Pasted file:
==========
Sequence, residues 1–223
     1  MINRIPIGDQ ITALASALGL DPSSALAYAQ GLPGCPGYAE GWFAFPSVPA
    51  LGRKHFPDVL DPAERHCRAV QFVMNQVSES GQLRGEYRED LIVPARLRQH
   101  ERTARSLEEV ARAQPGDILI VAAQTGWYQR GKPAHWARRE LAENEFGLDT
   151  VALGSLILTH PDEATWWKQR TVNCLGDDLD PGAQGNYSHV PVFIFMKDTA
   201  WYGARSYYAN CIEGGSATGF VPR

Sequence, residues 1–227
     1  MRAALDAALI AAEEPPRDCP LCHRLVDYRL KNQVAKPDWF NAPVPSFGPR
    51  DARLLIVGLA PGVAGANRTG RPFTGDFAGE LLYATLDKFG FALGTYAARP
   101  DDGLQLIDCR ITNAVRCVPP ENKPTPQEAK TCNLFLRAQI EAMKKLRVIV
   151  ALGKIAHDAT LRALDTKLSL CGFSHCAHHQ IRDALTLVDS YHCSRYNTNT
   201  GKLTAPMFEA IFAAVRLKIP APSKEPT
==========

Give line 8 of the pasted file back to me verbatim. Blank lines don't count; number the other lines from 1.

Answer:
     1  MRAALDAALI AAEEPPRDCP LCHRLVDYRL KNQVAKPDWF NAPVPSFGPR